Celebrated primarily as a theorist of economic liberalism, Adam Smith (1723-90) also made important contributions to philosophy, especially to moral philosophy. He is considered the father of modern political economics for his theory that free competition is a necessary condition for the quality and wealth of a nation. The story of his life contained the seeds for this understanding to develop. Attending Oxford University, Smith was disappointed by the low quality of the academic courses, unlike those in Scottish universities he had attended in his earlier years. For him, the reason was that professors at English universities were paid regardless of the quality of their teaching, regardless of their ability to inspire students.
His biography also reveals he pursued an enriching and varied educational path. He began his teaching career as a professor of rhetoric and moral philosophy, studied astronomy, the origin of language, and only later devoted himself to economics. This journey is shown by the publication date of the only two works that appeared while he was alive, the Theory of Moral Sentiments (1759) preceded by almost twenty years the equally successful Wealth of Nations (1776), the work that made him famous and saw six editions by the time of Smith’s death.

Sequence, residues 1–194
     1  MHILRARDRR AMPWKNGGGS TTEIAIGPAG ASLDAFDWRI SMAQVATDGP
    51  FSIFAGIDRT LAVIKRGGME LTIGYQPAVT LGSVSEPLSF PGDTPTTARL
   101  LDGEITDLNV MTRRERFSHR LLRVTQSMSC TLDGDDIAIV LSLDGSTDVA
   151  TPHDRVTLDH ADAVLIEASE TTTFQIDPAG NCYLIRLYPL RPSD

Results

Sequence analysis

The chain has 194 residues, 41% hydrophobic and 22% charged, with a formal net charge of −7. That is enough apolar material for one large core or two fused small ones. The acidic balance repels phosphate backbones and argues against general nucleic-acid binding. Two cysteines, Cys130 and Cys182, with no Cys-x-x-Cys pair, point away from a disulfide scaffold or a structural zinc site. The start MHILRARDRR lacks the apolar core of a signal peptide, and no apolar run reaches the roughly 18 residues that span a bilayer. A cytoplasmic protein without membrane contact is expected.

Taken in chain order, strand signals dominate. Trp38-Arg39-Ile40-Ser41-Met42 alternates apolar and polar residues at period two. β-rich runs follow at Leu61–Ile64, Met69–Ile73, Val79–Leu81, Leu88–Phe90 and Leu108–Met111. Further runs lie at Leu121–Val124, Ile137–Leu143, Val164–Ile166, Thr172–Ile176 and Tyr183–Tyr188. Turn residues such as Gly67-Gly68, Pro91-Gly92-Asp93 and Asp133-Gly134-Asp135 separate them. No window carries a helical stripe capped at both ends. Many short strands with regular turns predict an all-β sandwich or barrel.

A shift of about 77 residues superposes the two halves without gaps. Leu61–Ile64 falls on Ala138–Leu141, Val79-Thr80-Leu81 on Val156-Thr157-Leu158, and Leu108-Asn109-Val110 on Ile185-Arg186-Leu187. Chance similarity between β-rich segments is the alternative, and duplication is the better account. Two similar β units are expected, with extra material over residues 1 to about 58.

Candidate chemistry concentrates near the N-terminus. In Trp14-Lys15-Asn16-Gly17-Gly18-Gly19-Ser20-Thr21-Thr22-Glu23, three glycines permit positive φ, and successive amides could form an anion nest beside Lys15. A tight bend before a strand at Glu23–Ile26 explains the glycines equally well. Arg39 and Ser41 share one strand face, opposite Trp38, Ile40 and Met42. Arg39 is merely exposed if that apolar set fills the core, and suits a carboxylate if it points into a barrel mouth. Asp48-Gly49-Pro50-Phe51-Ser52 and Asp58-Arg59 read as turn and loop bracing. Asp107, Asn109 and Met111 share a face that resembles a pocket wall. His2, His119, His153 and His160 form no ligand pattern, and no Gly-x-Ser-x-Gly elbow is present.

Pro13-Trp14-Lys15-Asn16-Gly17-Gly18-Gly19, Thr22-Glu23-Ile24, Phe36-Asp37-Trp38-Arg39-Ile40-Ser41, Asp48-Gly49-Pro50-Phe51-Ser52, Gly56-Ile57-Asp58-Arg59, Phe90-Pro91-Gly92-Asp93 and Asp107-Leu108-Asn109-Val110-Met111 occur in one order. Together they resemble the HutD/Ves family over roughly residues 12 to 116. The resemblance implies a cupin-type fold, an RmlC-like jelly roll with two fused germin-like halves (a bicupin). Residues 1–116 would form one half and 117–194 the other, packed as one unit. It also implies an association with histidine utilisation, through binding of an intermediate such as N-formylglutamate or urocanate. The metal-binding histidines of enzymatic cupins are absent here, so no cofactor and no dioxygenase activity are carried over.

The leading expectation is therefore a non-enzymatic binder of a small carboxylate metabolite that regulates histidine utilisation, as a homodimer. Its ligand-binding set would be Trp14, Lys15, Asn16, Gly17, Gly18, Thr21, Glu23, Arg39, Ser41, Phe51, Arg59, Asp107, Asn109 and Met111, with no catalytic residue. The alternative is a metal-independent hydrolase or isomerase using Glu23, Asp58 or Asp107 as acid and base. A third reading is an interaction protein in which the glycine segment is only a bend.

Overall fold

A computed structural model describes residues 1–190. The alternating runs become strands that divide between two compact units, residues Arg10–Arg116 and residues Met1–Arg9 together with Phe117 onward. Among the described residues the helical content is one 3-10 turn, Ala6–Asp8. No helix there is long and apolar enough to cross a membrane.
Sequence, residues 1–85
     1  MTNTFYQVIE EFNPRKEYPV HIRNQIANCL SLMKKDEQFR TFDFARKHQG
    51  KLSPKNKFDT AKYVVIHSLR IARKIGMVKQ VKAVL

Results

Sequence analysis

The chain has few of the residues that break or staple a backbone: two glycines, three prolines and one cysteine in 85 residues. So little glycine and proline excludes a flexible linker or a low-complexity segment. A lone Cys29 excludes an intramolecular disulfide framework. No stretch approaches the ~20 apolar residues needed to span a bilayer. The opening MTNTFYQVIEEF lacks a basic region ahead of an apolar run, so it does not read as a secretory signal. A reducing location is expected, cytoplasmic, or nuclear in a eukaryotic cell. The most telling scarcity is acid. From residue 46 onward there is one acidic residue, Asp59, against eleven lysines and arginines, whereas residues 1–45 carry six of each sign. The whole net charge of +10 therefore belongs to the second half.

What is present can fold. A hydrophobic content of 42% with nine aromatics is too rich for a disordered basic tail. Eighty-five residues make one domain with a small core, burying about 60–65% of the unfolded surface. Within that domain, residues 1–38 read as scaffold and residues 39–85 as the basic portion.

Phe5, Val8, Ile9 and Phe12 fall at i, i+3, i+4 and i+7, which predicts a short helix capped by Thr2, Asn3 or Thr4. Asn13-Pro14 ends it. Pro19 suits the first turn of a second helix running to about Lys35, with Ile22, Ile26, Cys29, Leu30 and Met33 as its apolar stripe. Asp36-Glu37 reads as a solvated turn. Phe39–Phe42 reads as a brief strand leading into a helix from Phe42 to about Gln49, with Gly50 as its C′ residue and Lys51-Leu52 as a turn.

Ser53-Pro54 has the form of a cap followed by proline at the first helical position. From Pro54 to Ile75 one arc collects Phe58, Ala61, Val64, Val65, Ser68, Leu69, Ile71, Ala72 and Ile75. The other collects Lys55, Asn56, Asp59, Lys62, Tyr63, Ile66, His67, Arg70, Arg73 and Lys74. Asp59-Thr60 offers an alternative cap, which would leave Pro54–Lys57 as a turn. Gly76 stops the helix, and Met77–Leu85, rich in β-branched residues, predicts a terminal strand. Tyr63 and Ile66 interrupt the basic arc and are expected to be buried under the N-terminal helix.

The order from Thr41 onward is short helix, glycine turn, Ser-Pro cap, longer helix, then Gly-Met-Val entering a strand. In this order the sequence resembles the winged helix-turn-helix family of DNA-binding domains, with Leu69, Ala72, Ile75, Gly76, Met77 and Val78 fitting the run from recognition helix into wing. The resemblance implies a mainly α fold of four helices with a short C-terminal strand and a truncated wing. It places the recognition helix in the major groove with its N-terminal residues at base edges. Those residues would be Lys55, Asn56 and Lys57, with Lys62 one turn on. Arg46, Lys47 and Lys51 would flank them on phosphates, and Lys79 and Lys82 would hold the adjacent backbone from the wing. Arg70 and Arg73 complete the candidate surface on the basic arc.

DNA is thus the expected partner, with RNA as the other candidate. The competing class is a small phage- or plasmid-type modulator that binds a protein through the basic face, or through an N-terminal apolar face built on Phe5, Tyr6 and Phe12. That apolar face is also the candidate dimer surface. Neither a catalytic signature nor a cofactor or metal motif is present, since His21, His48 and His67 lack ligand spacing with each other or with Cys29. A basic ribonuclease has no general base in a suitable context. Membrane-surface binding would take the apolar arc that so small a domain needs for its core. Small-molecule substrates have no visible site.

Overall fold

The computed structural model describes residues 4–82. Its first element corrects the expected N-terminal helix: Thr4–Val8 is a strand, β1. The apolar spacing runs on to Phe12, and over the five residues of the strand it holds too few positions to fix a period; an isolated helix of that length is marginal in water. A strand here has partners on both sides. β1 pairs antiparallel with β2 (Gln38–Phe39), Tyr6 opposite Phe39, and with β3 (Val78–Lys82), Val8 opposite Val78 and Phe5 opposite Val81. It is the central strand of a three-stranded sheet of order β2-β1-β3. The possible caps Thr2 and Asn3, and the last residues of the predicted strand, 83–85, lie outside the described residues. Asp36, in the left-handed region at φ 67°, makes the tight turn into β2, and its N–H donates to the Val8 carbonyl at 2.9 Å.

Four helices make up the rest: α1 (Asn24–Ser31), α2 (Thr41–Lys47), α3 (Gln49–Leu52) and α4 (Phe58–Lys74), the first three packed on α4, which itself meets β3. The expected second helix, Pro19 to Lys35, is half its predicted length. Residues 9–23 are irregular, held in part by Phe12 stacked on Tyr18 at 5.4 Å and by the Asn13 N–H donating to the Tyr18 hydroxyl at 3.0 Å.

His interest in economics, already evident in his courses at the University of Glasgow, found a significant boost through his appointment as a tutor and later commissioner of customs for the city of Edinburgh by Charles Townshend, who had read his Theory of Moral Sentiments with enthusiasm. This allowed Smith financial stability and the opportunity to travel throughout Europe, particularly to Italy and France, where he came into contact with the leading figures of the Encyclopedia, especially François-Marie Arouet Voltaire, Jean-Baptiste Le Rond d’Alambert, and the physiocratic theorists François Quesnay and Jacques Turgot. In Italy, he frequented Abbot Antonio Genovesi, professor of political economy, and Abbot Ferdinando Galiani, author of the famous treatise Della moneta (1751).